“Do you intend to join another group across town?” he inquired directly.
“No, not at all,” I replied defensively. “That’s not why I-”
“Well, what then? You’re one of our rising stars here at the Firm. And we need you in Corporate. If it’s more money or higher profile work, we can negotiate that.”
For the next several minutes, I tried to explain my decision as best I could. My reason for leaving. I wasn’t seeking additional compensation or better opportunities or any of the other things so often coveted by those emmeshed in the arena of law. There had to be more to life. There just had to be. And I’d recently arrived at a crucial time in my own life when I needed to find out. One way or the other.
“So, you’re willing to walk away from our team, your career and all that you’ve strived for?” he asked while shaking his head, telegraphing his disbelief.
Before I could reply, a young woman with shiny-black, shoulder-length hair entered the room from a small alcove that was partially hidden off in one corner. No more than half his age and sporting three-inch heels and a string of pearls that highlighted her bronzed cleavage, she was impeccably dressed. That is, save for the fact that her above-the-knee wool skirt was about a half-size too small, and a button or two appeared to be absent from her white blouse up-top. There was a brief exchange of papers between them as their eyes locked on one another. No words were spoken. And on that occasion, none were required. I watched as she turned and then slowly sauntered away, retracing her steps back toward the darkened, private recesses of his office. There was a moment of silence before he elected to continue our meeting, now clearly better armed, and fully intent on pressing his case.
“You know, you’re on the fast-track to make Partner.” His demeanor had softened.
I nodded but remained silent.
“Should you elect to stay with our firm, there’s no telling how far you could go, or what you could ultimately have,” he said while pointing subtly toward the private corner of his office. “Look, we know that there’ve been some changes in your life. But you’re making a major decision here. Think about what’s truly at stake. Take a few days. Then get back to us.”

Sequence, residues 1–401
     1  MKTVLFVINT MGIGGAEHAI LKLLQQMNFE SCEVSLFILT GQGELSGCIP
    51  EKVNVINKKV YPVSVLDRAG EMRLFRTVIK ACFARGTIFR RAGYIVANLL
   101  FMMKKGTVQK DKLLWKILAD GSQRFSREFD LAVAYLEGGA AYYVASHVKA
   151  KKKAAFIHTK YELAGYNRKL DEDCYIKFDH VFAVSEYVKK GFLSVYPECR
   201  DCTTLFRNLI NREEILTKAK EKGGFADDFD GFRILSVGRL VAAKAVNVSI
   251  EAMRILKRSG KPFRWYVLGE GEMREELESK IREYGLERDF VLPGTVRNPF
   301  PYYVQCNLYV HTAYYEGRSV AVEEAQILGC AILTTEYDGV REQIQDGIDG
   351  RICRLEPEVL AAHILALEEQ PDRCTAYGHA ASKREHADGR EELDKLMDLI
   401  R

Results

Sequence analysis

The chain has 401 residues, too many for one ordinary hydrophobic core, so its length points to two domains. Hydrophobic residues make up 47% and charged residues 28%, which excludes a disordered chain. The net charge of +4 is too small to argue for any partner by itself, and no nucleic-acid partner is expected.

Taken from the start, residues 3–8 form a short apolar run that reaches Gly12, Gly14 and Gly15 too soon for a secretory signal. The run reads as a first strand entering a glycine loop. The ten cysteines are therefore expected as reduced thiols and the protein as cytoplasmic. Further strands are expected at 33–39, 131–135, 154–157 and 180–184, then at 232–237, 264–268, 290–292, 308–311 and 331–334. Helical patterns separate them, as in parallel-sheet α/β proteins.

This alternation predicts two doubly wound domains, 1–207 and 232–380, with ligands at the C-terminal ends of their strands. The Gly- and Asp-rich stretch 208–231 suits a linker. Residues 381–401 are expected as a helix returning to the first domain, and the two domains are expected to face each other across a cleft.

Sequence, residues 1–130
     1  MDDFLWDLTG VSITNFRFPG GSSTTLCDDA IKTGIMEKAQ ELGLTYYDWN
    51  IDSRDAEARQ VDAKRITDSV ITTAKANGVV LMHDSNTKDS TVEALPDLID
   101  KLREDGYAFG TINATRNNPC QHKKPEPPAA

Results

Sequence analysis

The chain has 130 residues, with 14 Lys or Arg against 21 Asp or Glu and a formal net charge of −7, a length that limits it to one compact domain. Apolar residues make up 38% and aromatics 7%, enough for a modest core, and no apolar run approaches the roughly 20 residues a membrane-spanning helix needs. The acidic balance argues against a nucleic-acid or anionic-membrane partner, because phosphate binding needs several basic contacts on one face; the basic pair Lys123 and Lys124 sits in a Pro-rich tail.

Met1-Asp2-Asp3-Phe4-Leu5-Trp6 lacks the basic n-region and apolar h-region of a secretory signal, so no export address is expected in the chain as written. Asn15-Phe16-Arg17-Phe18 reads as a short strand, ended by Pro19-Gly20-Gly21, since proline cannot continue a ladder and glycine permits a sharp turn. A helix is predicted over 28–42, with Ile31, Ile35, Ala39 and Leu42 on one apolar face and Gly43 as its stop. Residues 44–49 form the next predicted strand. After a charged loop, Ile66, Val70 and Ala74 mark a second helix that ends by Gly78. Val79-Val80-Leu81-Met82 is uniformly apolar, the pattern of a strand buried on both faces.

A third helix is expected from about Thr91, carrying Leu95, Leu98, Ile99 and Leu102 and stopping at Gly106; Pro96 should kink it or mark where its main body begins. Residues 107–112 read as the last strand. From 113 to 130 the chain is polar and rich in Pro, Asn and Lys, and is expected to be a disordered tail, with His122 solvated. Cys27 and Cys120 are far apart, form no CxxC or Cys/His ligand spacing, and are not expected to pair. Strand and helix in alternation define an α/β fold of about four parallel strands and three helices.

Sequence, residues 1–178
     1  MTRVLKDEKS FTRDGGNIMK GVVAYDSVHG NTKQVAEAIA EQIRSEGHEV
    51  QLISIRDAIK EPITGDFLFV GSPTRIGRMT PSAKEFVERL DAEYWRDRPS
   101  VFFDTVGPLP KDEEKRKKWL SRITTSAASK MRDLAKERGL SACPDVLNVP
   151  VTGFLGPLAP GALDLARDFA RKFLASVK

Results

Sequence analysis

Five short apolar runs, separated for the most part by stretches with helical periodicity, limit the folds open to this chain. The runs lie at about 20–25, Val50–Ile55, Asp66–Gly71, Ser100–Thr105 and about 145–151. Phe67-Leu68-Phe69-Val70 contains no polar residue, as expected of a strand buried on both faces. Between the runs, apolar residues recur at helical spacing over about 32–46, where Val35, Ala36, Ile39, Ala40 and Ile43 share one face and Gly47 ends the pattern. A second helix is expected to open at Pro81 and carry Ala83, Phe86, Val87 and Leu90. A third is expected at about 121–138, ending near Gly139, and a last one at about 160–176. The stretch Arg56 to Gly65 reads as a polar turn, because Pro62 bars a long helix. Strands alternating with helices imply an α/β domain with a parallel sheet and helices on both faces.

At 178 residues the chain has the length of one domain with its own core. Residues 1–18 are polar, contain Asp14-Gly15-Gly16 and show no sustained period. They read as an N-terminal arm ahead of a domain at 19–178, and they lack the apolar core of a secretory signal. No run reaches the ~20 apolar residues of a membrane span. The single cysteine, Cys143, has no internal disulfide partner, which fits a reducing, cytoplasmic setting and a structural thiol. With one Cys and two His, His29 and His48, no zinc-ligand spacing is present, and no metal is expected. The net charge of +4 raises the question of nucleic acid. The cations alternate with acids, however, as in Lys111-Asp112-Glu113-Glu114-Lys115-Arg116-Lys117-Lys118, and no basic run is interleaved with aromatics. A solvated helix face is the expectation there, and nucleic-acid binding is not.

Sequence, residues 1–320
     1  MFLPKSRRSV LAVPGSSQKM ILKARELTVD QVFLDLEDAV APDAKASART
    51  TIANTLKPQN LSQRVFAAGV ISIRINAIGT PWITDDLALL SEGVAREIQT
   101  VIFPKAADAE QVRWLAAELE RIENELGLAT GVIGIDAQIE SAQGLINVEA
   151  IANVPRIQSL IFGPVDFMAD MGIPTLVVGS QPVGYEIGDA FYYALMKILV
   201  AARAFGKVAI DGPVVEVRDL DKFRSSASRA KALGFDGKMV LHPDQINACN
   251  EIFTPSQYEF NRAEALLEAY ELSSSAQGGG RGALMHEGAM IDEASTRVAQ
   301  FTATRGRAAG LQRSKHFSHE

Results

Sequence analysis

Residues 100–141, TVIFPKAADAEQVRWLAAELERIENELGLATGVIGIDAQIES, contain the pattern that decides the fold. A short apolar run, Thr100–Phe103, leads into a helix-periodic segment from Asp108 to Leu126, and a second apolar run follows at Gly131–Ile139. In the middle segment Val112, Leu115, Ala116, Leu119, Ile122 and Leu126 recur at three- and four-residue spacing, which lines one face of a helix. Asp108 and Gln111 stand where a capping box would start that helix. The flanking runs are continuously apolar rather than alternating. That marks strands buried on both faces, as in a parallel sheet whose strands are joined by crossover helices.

So, that’s exactly what I did. And three days later, I officially resigned.
About eleven months before my little tête-à-tête atop the Philadelphia skyline, I’d been out in my driveway happily applying a second coat of wax to my brand-new SUV. It was a beautiful Saturday morning at the start of what promised to be another great summer. Karen stepped out into the garage wearing the pink terry-cloth robe that she’d wrapped around her about an hour before.
“Hun, I’m going to get cleaned-up and then drive to the grocery store. When I get back, I’ll fix us a quick breakfast.”
“I’ll go. I’m already dressed,” I replied, eager to take my truck out for a quick spin.
“Oh no. I want you to finish up what you’re doing here. Remember, we’re going that new club tonight in Old City. You’re taking me dancing.”
She turned and then playfully re-entered the house. Dancing. That’s right, I had promised. And I loved my wife. Dearly. So, dancing we would go.
“You missed a spot,” she teased as she strutted past my truck, now dressed to run her errand. “Don’t look at me, concentrate on your work,” she continued, still in her frisky mood.
I followed her silver BMW as it slowly rolled down along the cul-de-sac that shaped our leafy neighborhood. This for what would be the last time. My cell phone vibrated to life forty minutes later. I was at the accident scene ten minutes after that. What had been her car lay crumpled along the side of the road, its driver’s side door caved-in due to an errant delivery truck that had failed to properly heed a stop sign. Sesame seed bagels littered the car’s carpeted floor. An odd mix of yellow egg yolks and white shell fragments clung to the tan dashboard and fractured windshield above. A small pool of blood was partially smeared along the edge of the driver’s seat, while strands of light brown hair caught and tangled within the webbed shoulder harness were all that visibly remained of the BMW’s former occupant. There were the inevitable questions, of course. Like those asked to complete the on-site accident report. Was she familiar with the area? Was her car in good mechanical order? Had she been drinking? Was she on any medication?